January 28, 2022by Matthew Barnet

In Ex parte Scheich (Appeal No. 2021-003495), the examiner rejected the claims as obvious over a combination of two references. The PTAB reversed.

Independent claim 1 recited:

A diffuser material of pore-containing quartz glass with

a chemical purity of at least 99.9% SiO2,

a cristobalite content of not more than 1%, and

a density in the range of 2.0 to 2.18 g/cm3,

whereby at least 80% of the pores have a maximum pore dimension of less than 20 μm,

wherein the quartz glass is produced synthetically,

has a hydroxyl group content in the range of more than 200 wt. ppm, and

contains hydrogen in a concentration in the range of 1017 molecules/cm3 to 1019 molecules/cm3.

The examiner found that the primary reference (Moritz) satisfied each limitation of claim 1, except for being silent about a hydrogen concentration. The examiner cited a secondary reference (Ohama) describing a similar quartz glass. The quartz glass in Ohama was made from a silica powder having a hydrogen concentration overlapping the range recited in claim 1.

The examiner took the position that it would have been obvious to use Ohama’s silica starting material to prepare the quartz glass of Moritz. The examiner found that the hydrogen concentration of the finished product would be expected to be the same as that of the starting material because “[n]o evidence is given” to the contrary, and “Ohama provides no teaching or suggestion that the hydrogen is removed from the powder prior to or during formation of the inventive quartz material.”

In contrast, the applicant argued that the finished product in Ohama would not be expected to have the same hydrogen content as the starting material. In particular, the applicant argued that the sintering process in Ohama would be expected to reduce or remove molecular hydrogen from the starting material in forming Ohama’s finished product. As evidence, the applicant cited a portion of Ohama describing that the hydrogen in the starting material “react[s] with free oxygen to form OH groups, and the OH groups are fixed in the glass to suppress pore expansion from occurring.”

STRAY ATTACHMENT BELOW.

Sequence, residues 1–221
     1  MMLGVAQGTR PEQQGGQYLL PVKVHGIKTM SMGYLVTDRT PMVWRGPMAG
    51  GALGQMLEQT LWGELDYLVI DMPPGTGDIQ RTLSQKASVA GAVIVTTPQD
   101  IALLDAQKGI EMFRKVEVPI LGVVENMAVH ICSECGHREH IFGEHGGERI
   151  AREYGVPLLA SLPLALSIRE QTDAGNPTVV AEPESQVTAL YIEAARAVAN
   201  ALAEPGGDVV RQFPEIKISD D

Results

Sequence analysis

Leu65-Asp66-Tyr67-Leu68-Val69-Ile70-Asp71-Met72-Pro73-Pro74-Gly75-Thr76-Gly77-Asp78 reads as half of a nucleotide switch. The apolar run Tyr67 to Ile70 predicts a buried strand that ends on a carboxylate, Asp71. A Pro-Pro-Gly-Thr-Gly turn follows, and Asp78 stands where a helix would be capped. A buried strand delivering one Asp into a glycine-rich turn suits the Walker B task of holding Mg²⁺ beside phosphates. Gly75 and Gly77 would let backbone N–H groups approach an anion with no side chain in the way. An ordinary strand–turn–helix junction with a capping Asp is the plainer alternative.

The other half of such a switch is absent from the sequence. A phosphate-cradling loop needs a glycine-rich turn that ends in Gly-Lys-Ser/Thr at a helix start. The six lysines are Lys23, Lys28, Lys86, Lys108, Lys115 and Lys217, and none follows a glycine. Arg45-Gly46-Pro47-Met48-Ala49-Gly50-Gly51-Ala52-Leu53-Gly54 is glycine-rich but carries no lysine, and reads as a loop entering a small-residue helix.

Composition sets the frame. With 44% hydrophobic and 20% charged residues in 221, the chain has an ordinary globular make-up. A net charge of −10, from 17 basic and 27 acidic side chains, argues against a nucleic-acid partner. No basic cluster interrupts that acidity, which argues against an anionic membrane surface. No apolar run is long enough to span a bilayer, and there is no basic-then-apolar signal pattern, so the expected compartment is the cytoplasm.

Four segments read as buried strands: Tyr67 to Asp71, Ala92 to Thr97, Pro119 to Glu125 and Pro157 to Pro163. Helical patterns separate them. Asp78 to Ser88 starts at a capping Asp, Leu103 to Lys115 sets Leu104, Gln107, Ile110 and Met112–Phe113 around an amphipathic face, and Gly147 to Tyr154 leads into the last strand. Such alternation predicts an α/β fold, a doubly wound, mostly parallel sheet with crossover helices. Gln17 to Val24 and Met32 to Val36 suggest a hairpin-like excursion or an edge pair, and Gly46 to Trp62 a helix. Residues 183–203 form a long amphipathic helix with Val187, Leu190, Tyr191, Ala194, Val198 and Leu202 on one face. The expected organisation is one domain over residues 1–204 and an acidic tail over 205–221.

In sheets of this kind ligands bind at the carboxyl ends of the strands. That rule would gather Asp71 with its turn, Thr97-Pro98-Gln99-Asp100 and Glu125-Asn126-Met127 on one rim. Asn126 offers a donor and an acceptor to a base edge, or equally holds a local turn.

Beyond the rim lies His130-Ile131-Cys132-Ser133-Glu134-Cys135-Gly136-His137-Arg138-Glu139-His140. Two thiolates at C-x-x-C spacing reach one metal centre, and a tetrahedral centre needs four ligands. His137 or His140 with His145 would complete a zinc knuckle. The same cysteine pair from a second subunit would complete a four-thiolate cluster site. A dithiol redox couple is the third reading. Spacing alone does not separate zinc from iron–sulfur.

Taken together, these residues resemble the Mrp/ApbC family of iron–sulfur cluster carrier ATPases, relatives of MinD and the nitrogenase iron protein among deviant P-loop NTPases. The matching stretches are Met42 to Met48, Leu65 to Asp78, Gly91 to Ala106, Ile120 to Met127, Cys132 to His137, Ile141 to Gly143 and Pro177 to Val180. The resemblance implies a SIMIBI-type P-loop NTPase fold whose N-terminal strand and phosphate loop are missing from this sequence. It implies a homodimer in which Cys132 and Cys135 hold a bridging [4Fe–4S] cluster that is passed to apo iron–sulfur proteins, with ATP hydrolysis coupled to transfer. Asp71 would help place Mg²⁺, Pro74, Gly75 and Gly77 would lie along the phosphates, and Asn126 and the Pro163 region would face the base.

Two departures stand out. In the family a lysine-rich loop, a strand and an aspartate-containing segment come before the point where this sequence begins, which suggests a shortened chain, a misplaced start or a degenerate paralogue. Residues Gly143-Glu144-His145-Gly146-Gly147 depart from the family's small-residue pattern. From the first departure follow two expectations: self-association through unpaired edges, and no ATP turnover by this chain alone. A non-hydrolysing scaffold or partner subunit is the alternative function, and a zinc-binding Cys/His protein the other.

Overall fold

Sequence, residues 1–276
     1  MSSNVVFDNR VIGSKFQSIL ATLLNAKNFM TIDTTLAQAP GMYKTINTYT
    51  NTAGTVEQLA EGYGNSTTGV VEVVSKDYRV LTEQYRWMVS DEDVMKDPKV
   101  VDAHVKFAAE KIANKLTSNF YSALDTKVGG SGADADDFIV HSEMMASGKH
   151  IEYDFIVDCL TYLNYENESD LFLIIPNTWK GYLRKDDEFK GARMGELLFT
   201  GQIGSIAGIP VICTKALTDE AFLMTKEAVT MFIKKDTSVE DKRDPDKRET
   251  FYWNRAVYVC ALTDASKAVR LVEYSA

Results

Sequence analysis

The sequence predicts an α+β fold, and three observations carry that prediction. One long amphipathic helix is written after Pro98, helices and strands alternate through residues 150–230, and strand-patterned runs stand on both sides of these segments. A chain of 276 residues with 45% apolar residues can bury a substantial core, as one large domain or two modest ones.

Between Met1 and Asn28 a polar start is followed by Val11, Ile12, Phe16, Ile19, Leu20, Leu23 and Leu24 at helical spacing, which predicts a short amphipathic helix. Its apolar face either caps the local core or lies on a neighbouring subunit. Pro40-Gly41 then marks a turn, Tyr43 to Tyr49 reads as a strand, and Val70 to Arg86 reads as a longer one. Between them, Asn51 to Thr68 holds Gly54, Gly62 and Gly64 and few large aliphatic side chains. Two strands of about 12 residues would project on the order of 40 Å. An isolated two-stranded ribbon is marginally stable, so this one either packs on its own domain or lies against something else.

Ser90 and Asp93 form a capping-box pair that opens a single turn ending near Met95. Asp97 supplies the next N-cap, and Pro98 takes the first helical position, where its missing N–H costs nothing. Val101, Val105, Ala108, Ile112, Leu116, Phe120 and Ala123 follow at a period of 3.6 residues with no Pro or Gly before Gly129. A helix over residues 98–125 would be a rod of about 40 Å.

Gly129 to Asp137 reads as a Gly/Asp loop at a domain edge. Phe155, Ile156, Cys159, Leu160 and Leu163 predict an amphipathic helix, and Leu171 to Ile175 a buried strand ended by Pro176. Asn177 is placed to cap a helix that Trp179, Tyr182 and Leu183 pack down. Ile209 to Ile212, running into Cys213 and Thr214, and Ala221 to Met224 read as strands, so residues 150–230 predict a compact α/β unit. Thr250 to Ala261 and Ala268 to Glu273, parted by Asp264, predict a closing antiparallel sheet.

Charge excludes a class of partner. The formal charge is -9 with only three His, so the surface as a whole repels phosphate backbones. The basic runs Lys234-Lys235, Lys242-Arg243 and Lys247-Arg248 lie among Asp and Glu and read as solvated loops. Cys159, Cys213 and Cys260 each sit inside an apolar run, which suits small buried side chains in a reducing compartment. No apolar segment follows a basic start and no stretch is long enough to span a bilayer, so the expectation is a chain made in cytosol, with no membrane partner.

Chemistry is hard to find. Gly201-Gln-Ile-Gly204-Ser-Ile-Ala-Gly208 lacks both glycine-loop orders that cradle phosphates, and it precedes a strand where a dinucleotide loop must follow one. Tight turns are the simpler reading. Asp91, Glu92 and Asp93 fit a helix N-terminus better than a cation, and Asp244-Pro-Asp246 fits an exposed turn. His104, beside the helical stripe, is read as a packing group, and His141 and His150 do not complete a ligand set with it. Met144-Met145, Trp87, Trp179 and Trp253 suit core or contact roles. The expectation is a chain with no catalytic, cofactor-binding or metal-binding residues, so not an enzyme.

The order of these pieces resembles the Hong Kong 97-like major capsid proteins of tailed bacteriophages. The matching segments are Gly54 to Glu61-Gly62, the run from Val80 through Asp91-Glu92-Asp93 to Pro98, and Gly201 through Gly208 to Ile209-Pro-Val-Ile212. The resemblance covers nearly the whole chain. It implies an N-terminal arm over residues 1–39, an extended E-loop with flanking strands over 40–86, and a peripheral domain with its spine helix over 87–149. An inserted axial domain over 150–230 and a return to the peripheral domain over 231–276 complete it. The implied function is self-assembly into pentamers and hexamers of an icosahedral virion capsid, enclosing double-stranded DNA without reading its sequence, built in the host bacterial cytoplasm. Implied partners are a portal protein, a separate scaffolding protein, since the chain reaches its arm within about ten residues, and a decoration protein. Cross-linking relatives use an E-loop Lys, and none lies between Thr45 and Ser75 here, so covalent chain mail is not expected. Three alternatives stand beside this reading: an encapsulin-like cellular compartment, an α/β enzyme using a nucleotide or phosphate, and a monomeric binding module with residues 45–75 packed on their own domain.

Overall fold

The PTAB agreed with the applicant. The PTAB found that “Ohama discloses that the hydrogen in Ohama’s starting material reacts with oxygen in a way that would consume Ohama’s hydrogen, such that Ohama’s final quartz glass product would not have the same hydrogen concentration as its silica powder starting material.” In a footnote, the PTAB acknowledged that the broad range of hydrogen concentration in Ohama’s starting material might allow for significant removal of hydrogen while still satisfying the claimed range for the finished product. However, since the examiner made no findings as to an expected magnitude of the decrease of hydrogen, the PTAB reversed the obviousness rejection.

Takeaway: U.S. examiners often make inferences beyond the explicit teachings of prior art references. These inferences usually are phrased in terms of what would have been expected based on the technical knowledge of a person of ordinary skill in the art. Sometimes applicants can rebut such inferences with evidence of their own. This evidence can be provided in the form of a Rule 132 Declaration, or, as in Ex parte Scheich, by reference to portions of the applied art.

Judges: Best, Kennedy, Cashion Jr.

by Matthew Barnet

Matthew E. Barnet, Ph.D., is a patent attorney and partner at Element IP. His practice focuses on patent procurement and client counseling, including expertise in validity and infringement opinions.